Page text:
This leads me to the most interesting topic: Hero Mode. I combined it with the Ganondorf amiibo for quadruple damage and I have to say that damage-wise it felt like the right difficulty. Like in Tri Force Heroes one heart would be the minimum damage and you can rack up damage very quickly, so you have to be careful all the time. Unlike Hero Mode in the Wind Waker HD, where it's only somewhat challenging in the early game, it scales really nicely in Twilight Princess HD kept me on the edge for entirety of the game. For example King Bulblin in Hyrule Castle would do a staggering 12 hearts of damage with a single hit.

It gets a little bit too much here and there, for example falling off a cliff takes away four hearts. That's an instant Game Over early in the game, as if you were playing Zelda II - The Adventure of Link. I even died in the Forest Temple due to the long monkey "liana" at the end, because you have to time this jump correctly and it's easy to screw this up. Thanks to Link's Awakening I still have the "I cannot ever die on a savegame" mentality, so even if Twilight Princess doesn't count your Game Overs, I still never go for the "Retry" option, but I return to the title screen and go all the way back to where I died. But this mentality might change with Breath of the Wild and the new auto saving system.

There was another cheap death scene, when you go bug hunting in Kakariko. Whenever I tried leaving the exploding house, the fire hurt me with four hearts of damage, which also kills you at the time. If it wasn't for a fairy that I still had from the Forest Temple (I didn't even know that fairies worked while being in wolf form in the Twilight Zones), I wouldn't have been able to make it without taking away the Ganondorf amiibo effect.

Another big part of the difficulty is that you can't find any hearts to heal yourself. (That's not exactly true, by the way, the three fangirls in Hyrule Castle Town, as well as the Yeto & Yeta "love scene" still make hearts appear. But otherwise all hearts are gone.) And fairies are super rare, they only can be found at the end of dungeons and in the springs after completing segments of the Cave of Ordeals. I've even beaten the first segment early on, as soon as I had the chance, just to have some fairies available in Ordon Spring. And with that there finally was a good reason to go back to Ordon Province for a change. Also, Ooccoo was a lot more useful this time around, because you could use the warp function to go heal yourself at any time in a dungeon.

Anyway, it also made me use the Hero's Bow and Bomb Arrows much more than in the past, which might be a good preparation for Breath of the Wild. I usually had this mentality in Zelda games, where I don't want to deplete resources like arrows, unless it's completely necessary. But that's silly, because you're getting plenty of it in every corner, especially if you really need it. And Breath of the Wild seems like a game, where you want to make full use of your available resources to survive.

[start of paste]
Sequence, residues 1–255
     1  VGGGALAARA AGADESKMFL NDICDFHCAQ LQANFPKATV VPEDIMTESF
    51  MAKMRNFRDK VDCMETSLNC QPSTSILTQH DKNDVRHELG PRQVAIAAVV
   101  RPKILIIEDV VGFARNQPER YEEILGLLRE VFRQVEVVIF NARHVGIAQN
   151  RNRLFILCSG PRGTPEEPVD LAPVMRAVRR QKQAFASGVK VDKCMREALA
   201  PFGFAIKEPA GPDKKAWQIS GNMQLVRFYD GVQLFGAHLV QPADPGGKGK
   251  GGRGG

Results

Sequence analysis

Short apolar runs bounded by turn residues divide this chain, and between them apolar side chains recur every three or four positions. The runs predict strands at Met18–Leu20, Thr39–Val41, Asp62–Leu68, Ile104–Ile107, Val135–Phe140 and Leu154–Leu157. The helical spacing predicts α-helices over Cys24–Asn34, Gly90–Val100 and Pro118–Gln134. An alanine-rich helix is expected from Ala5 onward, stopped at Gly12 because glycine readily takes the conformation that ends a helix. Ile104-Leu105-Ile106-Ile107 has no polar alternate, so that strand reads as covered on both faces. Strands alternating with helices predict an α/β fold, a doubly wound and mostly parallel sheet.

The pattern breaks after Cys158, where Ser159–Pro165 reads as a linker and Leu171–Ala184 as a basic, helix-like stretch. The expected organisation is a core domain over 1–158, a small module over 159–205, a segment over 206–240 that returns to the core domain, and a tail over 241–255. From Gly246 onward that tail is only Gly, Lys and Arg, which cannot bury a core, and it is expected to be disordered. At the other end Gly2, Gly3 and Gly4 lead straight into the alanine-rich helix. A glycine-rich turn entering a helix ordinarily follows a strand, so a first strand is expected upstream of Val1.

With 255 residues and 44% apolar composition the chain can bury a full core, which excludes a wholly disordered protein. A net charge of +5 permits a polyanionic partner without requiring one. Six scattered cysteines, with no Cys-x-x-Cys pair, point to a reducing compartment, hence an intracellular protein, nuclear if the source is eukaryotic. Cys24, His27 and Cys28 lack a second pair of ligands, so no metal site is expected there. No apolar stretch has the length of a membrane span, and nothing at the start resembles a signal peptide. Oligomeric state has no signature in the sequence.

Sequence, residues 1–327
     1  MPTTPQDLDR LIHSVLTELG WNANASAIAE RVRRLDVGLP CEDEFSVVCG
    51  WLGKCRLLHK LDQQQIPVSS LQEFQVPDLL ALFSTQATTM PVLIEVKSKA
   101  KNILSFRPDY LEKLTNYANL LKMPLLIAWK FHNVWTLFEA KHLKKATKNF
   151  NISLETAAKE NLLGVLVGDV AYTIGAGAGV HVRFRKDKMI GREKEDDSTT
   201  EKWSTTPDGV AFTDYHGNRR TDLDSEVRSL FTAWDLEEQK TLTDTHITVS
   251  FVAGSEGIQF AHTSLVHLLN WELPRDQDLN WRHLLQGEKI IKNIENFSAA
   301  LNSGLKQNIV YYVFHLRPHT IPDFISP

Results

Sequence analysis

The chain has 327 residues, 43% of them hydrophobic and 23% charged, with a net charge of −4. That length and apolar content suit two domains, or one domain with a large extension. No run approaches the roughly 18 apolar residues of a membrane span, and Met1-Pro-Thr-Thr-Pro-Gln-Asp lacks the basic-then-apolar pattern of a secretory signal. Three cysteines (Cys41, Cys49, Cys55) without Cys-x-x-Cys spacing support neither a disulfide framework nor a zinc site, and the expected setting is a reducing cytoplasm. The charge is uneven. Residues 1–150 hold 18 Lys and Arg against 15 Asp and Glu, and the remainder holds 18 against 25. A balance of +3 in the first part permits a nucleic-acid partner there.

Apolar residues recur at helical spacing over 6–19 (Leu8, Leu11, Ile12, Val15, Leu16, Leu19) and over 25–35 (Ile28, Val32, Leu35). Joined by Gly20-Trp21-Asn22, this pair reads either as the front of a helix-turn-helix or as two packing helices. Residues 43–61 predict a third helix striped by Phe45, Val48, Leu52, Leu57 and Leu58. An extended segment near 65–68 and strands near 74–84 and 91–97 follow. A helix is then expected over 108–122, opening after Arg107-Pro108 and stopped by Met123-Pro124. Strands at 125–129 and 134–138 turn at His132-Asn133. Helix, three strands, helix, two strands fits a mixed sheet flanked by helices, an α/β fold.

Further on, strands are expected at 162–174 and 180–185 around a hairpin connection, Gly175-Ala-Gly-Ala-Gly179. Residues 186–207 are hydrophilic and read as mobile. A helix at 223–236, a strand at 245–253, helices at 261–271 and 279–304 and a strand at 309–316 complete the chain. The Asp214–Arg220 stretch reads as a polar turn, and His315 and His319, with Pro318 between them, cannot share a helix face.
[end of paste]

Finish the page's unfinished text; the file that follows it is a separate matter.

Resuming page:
Apropos preparing for Breath of the Wild, another important part was going through the Cave of Shadows again and prepping my Wolf Link amiibo with a "20 hearts on the 40th floor in Hero Mode" record. However, it turned out that there is no such thing - whenever I scan the amiibo, it still only shows the floor number and the hearts total, but not the Hero Mode flag (unlike in the probably misleading result screen at the end of the cave). So, "20 hearts on the 40th floor" already was the best possible setup and I basically reset my save data on the amiibo for nothing.

It even shocked me at first that the second section of the Cave of Shadows opened up immediately. My plan was to secure a 19 hearts save on floor 6, which I then could use on my journey back to floor 40, where I would go for the 20 hearts by healing myself at the end. But then I feared that I wouldn't be able to do that. However, I still had to get to floor 20 once in order to unlock the rest of the cave, so I could get my 19 hearts save there. I also learned that you can use the new Toon Zelda amiibo to heal yourself an additional time, which came in handy to get that 20 hearts on floor 40 back. I wouldn't even be surprised, if you could just buy more Zelda amiibo to heal yourself more often...

The cave, however, isn't that much fun, because the wolf combat is quite limited and after floor 20 it uses a lot of cheap traps and enemy combinations to hurt you badly, if you are not careful and sometimes even if you are. The targeting system also might screw you, because sometimes it's important to target certain enemies first (e.g. Chilfos), but the game just keeps aiming you at Keese. If you use the right strategies, you can beat the Cave of Ordeals entirely without getting hurt, but this is much harder to do with the Cave of Shadows. Luck seems to be a factor here and that's not good... It's still an interesting challenge and finally a dungeon just for Wolf Link.

Last and maybe least, Hero Mode mirrors the entire game like the Wii version did. When I first played the Wii version, this confused me a lot, even caused a headache or two. And whenever I think of the world of Twilight Princess, I see the GameCube map in my mind. So, if I want to go to Kakariko, I'm thinking east. But for some reason I managed to get along with the mirroring a lot better this time around. It still felt wrong, familiar but strange. But I was able to navigate it all without any bigger issues.

So, that's it. Hero Mode done 100% with the Cave of Ordeals, Cave of Shadows, all 64 Rollgoal levels and what not. With Twilight Princess HD I'm closing the last chapter of completing the Zelda series for myself.

Breath of the Wild can come now. But I will use the meantime to replay as much of Skyward Sword as possible.